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teaching (Hyman, 2012). However, these teaching materials are effective for self-study, it should be verified for use inside the classroom for more formal schooling experiences (Bergmann & Sams, 2012). Blending online and offline materials refers to flipping learning practices. Flipping learning or flipped classrooms involves inverting the traditional premise that “knowledge is taught at class and homework is done outside class” (Zhou & Zhang, 2017). In higher education institutions, the limited learning resources represent a driver for universities to adopt flipped classroom, two-thirds of universities use lecture-capture software to support flipped classroom (Straumsheim, 2013). Blended learning is one of the common approaches that made use of the shiny aspects of both traditional teaching methods and online and digital learning tools. Prior studies investigated the impact of blending traditional teaching and online learning approaches on enhancing students’ academic achievement and their skills. One of the latest blending trends is to flip the teaching/learning practices. Flipped learning is a relatively new term and it has no decisive definition (Johanson & Cherry-Paul, 2016). Several terms have associated with the flipping process; flipped learning, flipped classrooms, inverted learning, or turning learning upside down. Although scholars believe deep that flipped learning denotes flipping teachers, flipped learners, flipping teaching practices, the researcher views that the essence of the flipped learning is the process of changing focus. The main focus of the traditional teaching was on what teachers can do inside the classroom, teachers are the pivot upon around which the whole educational process revolve. These teaching practices is referred to as teacher-centered approach which is contrasted with the learner-centered approach that relates with active participation of students in their own learning. Therefore, it is clear that flipped classrooms associates with a “focus change” form teacher-centered approach into the learner-centered approach. It includes changing the teaching/learning practices from inside the classroom into a more wide self-learning environment which depends on the use of out-of-the class learning materials and resources. In addition, flipping learning or “focus-changed learning” does not only help changing the focus learning process, it also includes redefining both the teachers’ and learners’ roles. Additionally, flipping also change learner’s tendencies and attitudes towards teaching/learning experiences. Therefore, flipping indicates changing learner’s attitudes from being passive listeners to materials teachers present into active participants who are eager to learn, students are easily involved and engaged in the learning process. Researchers and practitioners –especially in the Arab countries and Middle East – view flipped learning as a univariate teaching strategy with the same procedures and practices. Rather, flipped learning is a blended learning teaching approach with several teaching models, among these flipping models are: standard inverted classroom, discussion-oriented flipped classroom, demonstration-focused flipped classroom, faux-flipped classroom, group-based flipped classroom, virtual flipped classroom, and flipping the teacher. Although there is no single model of flipped classroom (Tucker, 2012), the flipped classroom is characterized by common course structure: instructional content that precedes class lectures to be done as an assignment before coming to the classroom, in-class time that is mainly assigned for problem-solving activities and advanced concepts which are dealt with to help engaging students in collaborative learning experiences (Findlay-Thompson & Mombourquette, 2014; DeLozier & Rhodes, 2016). Researchers and in-field educators have advocated flipped learning lectures based on active learning philosophy, among these models is a technology-mediated interactions (Beekes, 2006; Rosie, 2000), others are technology-free enhanced lectures (Bonwell, 1996). 1.1 Study Objectives The current study aims to investigate the effectiveness of implementing flipped learning approach on developing business English college students’ performance in functional writing skills, enhancing higher-order thinking skills (analyzing, evaluating, and creating). It is also aimed to assess the usefulness of the developed functional writing skills and enhanced HOTs skills on eradicating writer’s block of those students. 1.2 Study Problem College students majoring in business do not need only to be competent in their field of specification, but they also need to be proficient in English for business purposes (ESP). Business non-English majors are required to use English language skills proficiently at the workplace. Upon joining work, they need to communicate effectively both in spoken and written language. ESP is designed to meet specific needs of certain group of learners to cope with their work requirements, thus, it is a work oriented discipline. It makes use of underlying methodology and activities of the discipline it serves. Besides, it is centered on the language (grammar, lexis, and register), skills, discourse and genre appropriate to these specific activities.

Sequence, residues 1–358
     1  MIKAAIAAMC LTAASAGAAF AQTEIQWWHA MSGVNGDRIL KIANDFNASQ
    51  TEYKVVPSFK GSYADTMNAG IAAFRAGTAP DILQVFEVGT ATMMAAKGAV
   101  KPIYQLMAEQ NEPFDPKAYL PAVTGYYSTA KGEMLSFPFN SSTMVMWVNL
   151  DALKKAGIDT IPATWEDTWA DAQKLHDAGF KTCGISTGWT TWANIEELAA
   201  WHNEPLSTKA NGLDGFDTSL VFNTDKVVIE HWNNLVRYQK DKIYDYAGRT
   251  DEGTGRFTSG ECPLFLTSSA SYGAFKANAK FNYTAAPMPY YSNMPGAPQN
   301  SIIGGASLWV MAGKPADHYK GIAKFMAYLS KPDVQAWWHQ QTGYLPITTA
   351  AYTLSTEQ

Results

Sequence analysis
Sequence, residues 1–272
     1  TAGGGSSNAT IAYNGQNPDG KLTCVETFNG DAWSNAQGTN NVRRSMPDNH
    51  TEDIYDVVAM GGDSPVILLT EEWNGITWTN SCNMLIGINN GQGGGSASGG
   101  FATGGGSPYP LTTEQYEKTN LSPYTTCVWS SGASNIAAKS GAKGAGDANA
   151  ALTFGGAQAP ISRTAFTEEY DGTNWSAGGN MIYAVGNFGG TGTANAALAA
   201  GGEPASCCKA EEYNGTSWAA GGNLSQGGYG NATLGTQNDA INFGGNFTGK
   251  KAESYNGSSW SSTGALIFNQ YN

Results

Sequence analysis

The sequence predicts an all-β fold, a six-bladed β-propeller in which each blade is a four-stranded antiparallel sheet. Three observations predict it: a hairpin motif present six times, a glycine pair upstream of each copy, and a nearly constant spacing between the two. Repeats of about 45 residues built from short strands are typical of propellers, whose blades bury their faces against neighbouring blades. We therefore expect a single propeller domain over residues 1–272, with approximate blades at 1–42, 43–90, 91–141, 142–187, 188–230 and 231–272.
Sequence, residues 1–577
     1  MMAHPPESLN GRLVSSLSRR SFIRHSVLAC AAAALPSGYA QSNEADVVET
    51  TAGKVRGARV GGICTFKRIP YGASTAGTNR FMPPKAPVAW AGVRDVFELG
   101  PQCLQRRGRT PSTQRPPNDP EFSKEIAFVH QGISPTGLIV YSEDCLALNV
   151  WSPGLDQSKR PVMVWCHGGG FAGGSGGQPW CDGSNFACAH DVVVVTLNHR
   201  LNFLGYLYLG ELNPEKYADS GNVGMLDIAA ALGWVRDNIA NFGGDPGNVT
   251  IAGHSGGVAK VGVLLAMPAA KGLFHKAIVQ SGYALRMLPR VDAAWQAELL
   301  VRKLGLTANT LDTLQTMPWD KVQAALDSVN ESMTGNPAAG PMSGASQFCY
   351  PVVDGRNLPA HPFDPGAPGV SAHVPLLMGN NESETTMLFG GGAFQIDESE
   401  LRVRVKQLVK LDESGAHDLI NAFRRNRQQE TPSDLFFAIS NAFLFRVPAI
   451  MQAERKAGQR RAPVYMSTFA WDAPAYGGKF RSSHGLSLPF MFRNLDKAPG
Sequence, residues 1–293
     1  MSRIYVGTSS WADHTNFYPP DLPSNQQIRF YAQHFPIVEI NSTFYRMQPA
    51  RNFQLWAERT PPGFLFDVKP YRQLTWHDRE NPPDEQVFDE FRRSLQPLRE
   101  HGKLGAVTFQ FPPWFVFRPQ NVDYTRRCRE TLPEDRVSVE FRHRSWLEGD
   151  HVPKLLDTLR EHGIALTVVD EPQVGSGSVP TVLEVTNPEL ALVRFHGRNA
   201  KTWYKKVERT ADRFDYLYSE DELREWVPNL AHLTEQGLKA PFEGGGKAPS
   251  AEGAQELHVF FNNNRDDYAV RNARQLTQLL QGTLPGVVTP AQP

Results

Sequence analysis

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The scores of third year business majors in the previous two years in Business English stimulates the researcher to conduct a pilot study which consolidated his guesses. This premise coincides with the fact that traditional teaching strategies revealed less effectiveness in developing language skills in general and business English in particular. Meanwhile, blended learning approach indicate effectiveness in developing academic achievement, improving skills and creating positive attitudes. Flipped learning approach has shown to be an effective teaching/learning tool to teach general English (e.g. Webb & Doman, 2016; Kvashnina & Martynko, 2016; Sun, 2017; Sung, 2015; Filiz & Benzet, 2018; Li & Swanthep, 2017; Singh et al., 2017), developing writing skills (Guvenc, 2018; Vitanofa & Anwar, 2017; Ahmed, 2016; Ayon, 2017), in teaching ESP students (Kirk & Casenove, 2015; Lee, 2017), and teaching business English in particular (King & Piotrowski, 2015). Several evidences have been accumulated to support the usefulness of flipped learning as a good means to develop business majors’ English language skills, especially functional writing skills due to its importance in their work environments. In addition, flipping learning or rather say changing process focus; from teaching to learning, from teacher-centered to learner-centered, from passive listening to lectures to active participation in designing materials to be used, and from targeting LOTs (Lower-order thinking skills) to enhancing HOTs (higher-order thinking skills). Therefore, it is thought that flipping the traditional teaching classes into interesting learning sessions is effective in developing thinking skills, especially HOTs especially in the developing countries in Africa and MENA due to the scarcity of resources and school facilities. Also, it should be considered that educational systems in the developing countries rarely pay due attention to enhance these high level skills and to create positive attitudes towards learning. Notably, traditional teaching approaches university teachers adopt through the use of lectures they deliver may be effective to develop lower-order thinking skills (LOTs) such as remembering, understanding, and application. On the contrary, blended learning approaches has shown to be effective on enhancing Non-English major’s language competencies. Therefore, writers who develop their LOTs and decreased skills usually face certain block moments or times when writers stop for hours without writing a single word although they possess developed writing skills. Therefore, flipped learning has shown to be effective on developing thinking skills, it enables writers to overcome moments of writing blocks they may encounter inside or outside the class. 1.3 Study Hypotheses The current study tries to test the following hypotheses: 1) There are statistically significant differences in the mean scores of third year business majors between the experimental and control groups in their functional writing skills in favor of the experimental group. 2) There are statistically significant differences in the mean scores of third year business majors between the experimental and control groups in their higher-order thinking skills (analyzing, evaluating, and creating) in favor of the experimental group. 3) There are statistically significant differences in the mean scores of third year business majors between the experimental and control groups in their levels of writing block in favor of the experimental group. 1.4 Relevant Scholarships 1.4.1 Flipped Classroom Flipped classroom involves innovative ways of content delivery, it includes taking content normally delivered inside the classroom through traditional lectures to the outside the classroom through open access online materials. Flipping learning includes inverting the place, timing and ways of content delivery. Therefore, assignments and homework that would typically assigned to learners to do at home are dealt with inside the classroom. Instructional content of the taught discipline has been out-of-class instead of the traditional model which depends on in-class lectures as the main form of teaching. Pre-class activities beside in-class tasks help instructors to save more time for one-on-one interaction with individual students get involved and engaged (Roehl et al., 2013; White et al., 2017), more important, learning through flipped classroom consolidate learner’s autonomy. According to McLaughlin et al. (2014), flipped classroom approach includes student-centered teaching practices which allow learners to improve their high level thinking skills such as analytical skills, problem solving skills, critical thinking, and creative thinking skills. Students practice these high leveled thinking skills in deep learning, lifelong learning, self-directed learning, reflective learning that enhances students’ motivation levels and creates positive attitudes (Lestari & Widjajakusumah, 2009; Indrianti, 2012; Al-Zahrani, 2015; Nouri, 2016; Wang & Wang, 2017). Hence, implementing flipped learning approach in ESP contexts represents a response to sustainable development of education initiatives appropriate for English language learning (Emaliana, 2017)